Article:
For "cond(TYPE)", TYPE will either be a number representing the back-reference that the conditional depends on, or the string "assert".
For "lookahead" and "lookbehind", one of "neg" and "pos" will be there, depending on the type of assertion.
"my $node = $p->top;"
Synonymous to "root".

While extraction of nodes is the goal of the "YAPE" modules, the author is at a loss for words as to what needs to be extracted from a regex. At the current time, all the "extract" method does is allow you access to the regex's set of back-references:
  my $extor = $parser->extract;
  while (my $backref = $extor->()) {
    # ...
  }
"japhy" is very open to suggestions as to the approach to node extraction (in how the API should look, in addition to what should be proffered). Preliminary ideas include extraction keywords like the output of -Dr (or the "re" module's "debug" option).

"YAPE::Regex::Explain"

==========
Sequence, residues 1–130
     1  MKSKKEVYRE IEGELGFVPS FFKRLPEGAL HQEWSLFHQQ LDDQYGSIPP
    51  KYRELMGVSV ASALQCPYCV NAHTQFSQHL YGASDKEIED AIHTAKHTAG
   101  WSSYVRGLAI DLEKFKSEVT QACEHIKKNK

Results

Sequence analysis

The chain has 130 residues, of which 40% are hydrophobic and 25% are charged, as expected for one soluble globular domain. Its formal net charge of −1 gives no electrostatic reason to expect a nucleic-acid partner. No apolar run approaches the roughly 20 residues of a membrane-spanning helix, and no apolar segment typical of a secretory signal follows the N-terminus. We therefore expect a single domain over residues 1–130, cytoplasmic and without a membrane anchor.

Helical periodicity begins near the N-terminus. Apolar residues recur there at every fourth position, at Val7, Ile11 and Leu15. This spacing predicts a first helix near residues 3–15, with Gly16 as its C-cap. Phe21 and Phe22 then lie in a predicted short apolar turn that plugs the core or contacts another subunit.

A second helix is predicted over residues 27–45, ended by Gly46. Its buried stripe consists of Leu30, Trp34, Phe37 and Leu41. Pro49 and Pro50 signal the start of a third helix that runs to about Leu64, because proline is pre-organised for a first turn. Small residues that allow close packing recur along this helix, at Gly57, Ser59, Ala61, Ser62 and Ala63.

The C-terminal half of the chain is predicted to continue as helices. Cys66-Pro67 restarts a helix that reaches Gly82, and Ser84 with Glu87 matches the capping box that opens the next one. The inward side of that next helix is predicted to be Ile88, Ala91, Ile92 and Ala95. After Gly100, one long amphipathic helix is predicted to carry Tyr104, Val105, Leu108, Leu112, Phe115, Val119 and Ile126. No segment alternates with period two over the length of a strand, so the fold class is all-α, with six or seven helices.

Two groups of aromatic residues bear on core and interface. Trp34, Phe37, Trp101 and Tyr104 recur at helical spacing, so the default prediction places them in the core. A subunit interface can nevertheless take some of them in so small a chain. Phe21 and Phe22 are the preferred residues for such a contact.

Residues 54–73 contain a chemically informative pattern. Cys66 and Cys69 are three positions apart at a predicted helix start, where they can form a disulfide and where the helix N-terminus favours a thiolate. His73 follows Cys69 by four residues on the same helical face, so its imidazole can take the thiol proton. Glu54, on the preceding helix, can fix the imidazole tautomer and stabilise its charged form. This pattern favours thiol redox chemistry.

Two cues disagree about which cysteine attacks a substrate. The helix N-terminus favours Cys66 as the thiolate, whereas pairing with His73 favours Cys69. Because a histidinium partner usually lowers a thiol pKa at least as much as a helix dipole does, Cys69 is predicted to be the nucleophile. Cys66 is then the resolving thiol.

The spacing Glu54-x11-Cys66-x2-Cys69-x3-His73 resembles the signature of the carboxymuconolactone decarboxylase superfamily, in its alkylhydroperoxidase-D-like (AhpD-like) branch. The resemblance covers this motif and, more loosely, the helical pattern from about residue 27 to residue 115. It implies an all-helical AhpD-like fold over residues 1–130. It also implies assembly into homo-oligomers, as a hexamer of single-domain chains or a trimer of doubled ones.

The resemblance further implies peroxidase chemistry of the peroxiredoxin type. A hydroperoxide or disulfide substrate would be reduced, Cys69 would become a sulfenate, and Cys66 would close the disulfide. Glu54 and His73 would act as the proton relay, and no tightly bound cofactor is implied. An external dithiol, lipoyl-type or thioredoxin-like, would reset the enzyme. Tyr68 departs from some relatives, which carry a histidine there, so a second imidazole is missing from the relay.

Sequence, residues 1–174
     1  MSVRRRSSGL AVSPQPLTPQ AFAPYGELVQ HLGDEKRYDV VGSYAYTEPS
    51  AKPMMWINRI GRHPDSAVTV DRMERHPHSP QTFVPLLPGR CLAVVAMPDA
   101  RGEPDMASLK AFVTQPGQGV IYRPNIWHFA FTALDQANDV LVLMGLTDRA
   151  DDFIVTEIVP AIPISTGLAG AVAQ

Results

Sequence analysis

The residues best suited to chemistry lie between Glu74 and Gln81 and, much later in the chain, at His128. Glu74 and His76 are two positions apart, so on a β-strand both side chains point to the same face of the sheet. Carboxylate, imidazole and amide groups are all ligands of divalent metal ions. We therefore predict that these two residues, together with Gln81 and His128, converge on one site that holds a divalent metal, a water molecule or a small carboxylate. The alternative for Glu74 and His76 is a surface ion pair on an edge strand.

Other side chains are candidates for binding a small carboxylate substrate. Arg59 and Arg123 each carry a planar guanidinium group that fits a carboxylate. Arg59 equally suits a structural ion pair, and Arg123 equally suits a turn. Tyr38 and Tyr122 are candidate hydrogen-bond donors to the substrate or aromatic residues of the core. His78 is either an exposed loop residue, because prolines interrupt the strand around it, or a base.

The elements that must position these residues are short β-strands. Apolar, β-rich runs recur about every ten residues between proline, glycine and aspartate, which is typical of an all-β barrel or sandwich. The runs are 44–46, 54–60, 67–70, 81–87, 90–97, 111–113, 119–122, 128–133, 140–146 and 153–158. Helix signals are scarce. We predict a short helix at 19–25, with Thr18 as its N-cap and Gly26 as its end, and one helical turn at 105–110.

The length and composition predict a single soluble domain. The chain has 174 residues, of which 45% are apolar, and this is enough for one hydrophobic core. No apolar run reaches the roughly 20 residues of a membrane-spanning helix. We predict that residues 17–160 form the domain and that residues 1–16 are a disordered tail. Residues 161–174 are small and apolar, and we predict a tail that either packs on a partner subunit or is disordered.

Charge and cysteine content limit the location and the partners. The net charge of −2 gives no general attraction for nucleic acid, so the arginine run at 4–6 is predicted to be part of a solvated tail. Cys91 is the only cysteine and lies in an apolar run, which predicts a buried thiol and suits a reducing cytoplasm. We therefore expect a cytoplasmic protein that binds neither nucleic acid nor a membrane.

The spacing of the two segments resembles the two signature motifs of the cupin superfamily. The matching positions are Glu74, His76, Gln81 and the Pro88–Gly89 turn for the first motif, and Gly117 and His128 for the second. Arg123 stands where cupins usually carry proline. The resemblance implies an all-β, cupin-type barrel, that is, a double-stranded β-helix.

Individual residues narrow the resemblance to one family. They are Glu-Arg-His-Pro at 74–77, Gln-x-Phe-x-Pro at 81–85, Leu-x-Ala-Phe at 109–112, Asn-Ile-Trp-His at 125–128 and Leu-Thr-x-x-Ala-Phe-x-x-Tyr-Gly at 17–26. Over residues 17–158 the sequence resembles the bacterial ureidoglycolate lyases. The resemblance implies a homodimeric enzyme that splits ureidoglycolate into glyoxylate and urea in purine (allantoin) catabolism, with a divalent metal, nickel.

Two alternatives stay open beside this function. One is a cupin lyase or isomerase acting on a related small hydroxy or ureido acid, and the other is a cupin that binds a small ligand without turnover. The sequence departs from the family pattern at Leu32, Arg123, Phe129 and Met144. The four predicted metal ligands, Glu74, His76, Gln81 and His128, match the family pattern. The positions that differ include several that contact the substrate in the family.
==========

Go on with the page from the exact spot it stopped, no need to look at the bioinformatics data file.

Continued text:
Presents an explanation of a regular expression, node by node.
"YAPE::Regex::Reverse" (Not released)
Reverses the nodes of a regular expression.

This is a listing of things to add to future versions of this module.

Create a robust "extract" method
Open to suggestions.

Following is a list of known or reported bugs.

"use charnames ':full'"
To understand "\N{...}" properly, you must be using 5.6.0 or higher. However, the parser only knows how to resolve full names (those made using "use charnames ':full'"). There might be an option in the future to specify a class name.

The "YAPE::Regex::Element" documentation, for information on the node classes. Also, "Text::Balanced", Damian Conway's excellent module, used for the matching of "(?{ ... })" and "(??{ ... })" blocks.

The original author is Jeff "japhy" Pinyan (CPAN ID: PINYAN).
Gene Sullivan (gsullivan@cpan.org) is a co-maintainer.

This module is free software; you can redistribute it and/or modify it under the same terms as Perl itself. See perlartistic.
2011-02-02 perl v5.28.1